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May 11, 2011

Office of Media Relations
Darlene Trew Crist, Director

Courtney Coelho, Editor
(401) 863-7287

The Boston Globe    8 May 2012
Community celebrates Ship Street Square opening
Ship Street Square, a public space in the Knowledge District developed by the University, celebrated its official opening this week. Located across from the Alpert Medical School, the square is the site of a new farmers’ market run by Farm Fresh RI. The square’s development is part of a $2-million enhancement of the area, which includes a police substation used jointly by Brown and Providence, and will include repaved streets and new sidewalks.

The Providence Journal    9 May 2012
Brown, partners win three R.I. grants
Brown has been awarded nearly $600,000 in grants to partner with the University of Rhode Island, Rhode Island Hospital, and Perfuzia Medical Inc. in three projects equally funded by the Rhode Island Research Alliance. Brown and URI researchers will join forces to study biomarkers in algae that could provide a climate history of Narragansett Bay. Brown and URI will also develop practical uses for graphene. Brown will team with Rhode Island Hospital and Perfuzia Medical Inc. to test a device that uses mechanical vibration stimulation to reduce pain and heal the wounds of burn victims.

The Daily Beast   10 May 2012
Discovery disputes Mayan ‘end-of-world’ myth
Archaeologists have discovered a trove of paintings and calendars in Guatemala that could put to rest the long-held myth that the ancient Mayans predicted a 2012 apocalypse. Stephen Houston, professor of anthropology, who was not involved in the finding, says there is still much to be learned about the discovery, including the purpose of the room where it was found. Still, he says, the find only adds to the fascination with the Mayans culture of cycles, which “is really about renewal and continuity – and not about the ending of all days.”

EcoRI   7 May 2012
Students work to shrink end-of-year trash footprint
Brown students are working to make sure that the end of the year student exodus doesn’t result in a significant bump in trash on area streets. For four years, EcoReps has partnered with the University’s facilities management staff to collect furniture, clothing, housewares, and other items from students who are moving out. The program, dubbed Clean Break, has collected 40 tons of goods during the last four springs. Last year, the group took in 17 tons of items and donated much of the haul to the Rhode Island Donation Exchange Program. The group plans to set up nine collection “corrals” around campus where students can drop off goods for donation.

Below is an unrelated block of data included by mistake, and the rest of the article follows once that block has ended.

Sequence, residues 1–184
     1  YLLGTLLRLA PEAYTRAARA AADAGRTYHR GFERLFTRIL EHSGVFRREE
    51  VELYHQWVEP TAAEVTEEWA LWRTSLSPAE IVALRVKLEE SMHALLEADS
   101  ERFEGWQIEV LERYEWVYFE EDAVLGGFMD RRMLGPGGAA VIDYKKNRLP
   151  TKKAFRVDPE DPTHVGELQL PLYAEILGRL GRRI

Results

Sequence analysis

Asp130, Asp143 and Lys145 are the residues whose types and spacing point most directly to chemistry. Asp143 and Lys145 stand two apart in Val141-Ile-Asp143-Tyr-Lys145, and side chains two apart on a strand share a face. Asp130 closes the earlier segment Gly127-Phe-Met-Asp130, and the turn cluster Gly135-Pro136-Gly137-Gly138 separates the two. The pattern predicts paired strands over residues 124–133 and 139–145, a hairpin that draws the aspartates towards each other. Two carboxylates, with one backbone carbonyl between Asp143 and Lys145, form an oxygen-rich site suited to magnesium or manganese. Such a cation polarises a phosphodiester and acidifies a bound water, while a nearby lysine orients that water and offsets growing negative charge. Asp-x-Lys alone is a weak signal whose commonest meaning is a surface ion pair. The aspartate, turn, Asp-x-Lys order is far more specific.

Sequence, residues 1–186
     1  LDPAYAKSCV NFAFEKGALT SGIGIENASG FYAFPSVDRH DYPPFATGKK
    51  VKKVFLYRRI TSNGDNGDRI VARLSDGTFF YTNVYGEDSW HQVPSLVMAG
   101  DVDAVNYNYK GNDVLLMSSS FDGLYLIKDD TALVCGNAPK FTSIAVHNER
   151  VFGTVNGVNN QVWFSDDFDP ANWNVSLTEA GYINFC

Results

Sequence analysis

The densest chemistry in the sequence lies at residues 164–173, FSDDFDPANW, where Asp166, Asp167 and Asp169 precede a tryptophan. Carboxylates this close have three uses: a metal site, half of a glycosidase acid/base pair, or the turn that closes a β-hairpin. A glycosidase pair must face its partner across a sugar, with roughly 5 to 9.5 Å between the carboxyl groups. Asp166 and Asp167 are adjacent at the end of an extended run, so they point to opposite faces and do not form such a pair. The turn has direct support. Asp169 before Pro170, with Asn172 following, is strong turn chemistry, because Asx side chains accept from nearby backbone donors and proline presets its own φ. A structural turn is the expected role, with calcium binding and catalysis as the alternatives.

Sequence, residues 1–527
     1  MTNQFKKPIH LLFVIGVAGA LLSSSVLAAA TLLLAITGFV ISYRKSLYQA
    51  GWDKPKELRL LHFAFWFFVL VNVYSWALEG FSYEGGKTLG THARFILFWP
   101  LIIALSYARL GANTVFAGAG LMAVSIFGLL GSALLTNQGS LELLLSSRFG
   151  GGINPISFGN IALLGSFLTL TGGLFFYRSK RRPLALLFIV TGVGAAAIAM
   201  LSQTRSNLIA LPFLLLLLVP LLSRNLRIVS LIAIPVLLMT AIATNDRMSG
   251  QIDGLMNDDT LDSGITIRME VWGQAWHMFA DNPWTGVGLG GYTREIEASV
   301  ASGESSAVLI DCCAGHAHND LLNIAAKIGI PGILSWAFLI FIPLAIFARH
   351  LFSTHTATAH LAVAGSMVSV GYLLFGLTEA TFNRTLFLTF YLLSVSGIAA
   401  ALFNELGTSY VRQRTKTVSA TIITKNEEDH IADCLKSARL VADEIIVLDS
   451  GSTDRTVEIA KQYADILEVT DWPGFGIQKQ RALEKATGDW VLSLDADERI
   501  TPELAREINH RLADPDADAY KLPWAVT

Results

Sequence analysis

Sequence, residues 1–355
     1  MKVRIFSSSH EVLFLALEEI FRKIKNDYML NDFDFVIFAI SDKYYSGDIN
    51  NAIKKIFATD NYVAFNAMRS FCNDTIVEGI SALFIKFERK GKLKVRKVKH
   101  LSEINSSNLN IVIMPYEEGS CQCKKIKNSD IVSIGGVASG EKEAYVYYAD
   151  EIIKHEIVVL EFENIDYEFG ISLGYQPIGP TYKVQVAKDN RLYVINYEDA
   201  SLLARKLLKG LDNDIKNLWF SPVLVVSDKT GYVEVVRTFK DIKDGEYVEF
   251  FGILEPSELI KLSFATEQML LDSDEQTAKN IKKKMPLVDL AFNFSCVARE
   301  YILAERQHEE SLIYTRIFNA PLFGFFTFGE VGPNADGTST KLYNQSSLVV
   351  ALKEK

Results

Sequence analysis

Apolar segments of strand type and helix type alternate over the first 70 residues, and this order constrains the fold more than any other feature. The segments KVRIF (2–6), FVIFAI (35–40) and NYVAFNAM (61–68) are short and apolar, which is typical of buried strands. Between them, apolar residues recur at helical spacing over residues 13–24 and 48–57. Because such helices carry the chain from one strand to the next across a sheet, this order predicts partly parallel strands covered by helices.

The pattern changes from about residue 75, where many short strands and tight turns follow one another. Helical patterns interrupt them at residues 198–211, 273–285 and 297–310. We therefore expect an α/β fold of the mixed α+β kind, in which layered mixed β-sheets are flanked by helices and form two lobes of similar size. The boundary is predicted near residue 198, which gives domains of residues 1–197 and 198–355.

The Providence Journal    8 May 2012
More research needed to determine diet-ADHD link
Gergory Fritz, professor of psychiatry and human behavior, writes an op-ed about the hazy connection that still exists between diet and ADHD in children. He says that despite multiple studies examining the frequency of ADHD symptoms in children with the disorder before and after a dietary change is made, findings are inconclusive. He offers several explanations for the inconsistent results, including that children affected by ADHD do not constitute a homogenous group because there is no biological marker for diagnosis.

High Profile Monthly   11 May 2012
Continuing ed renovation makes new use out of downtown building
The renovation of the Continuing Education offices at 200 Dyer St. is profiled for this month’s cover story. Completed by Durkee, Brown, Viveiros and Werenfels Architects, Brown University Continuing Education currently occupies 22,000 square feet on the first floor of the 41,000-square-foot building. The educational spaces include classrooms and meeting rooms, with multimedia and lecture-capture capabilities. The administrative side of the building contains offices, conference rooms, and breakout areas for Continuing Education faculty and staff. Other features include a multimedia studio, control room, and editing suite, as well as a lounge and café area for students.

Slate magazine   9 May 2012
Computers still no substitute for standardized essay scoring
Robograding is threatening the progress of improved standardized test essays because computers aren’t yet up to the challenge of assessing knowledge of complex topics. Brown University computer scientist Eugene Charniak, an expert in artificial intelligence, says it could take another century for computer software catch up with the changing questions because it is so difficult for computers to assess whether a piece of writing demonstrates real knowledge across a broad subject.

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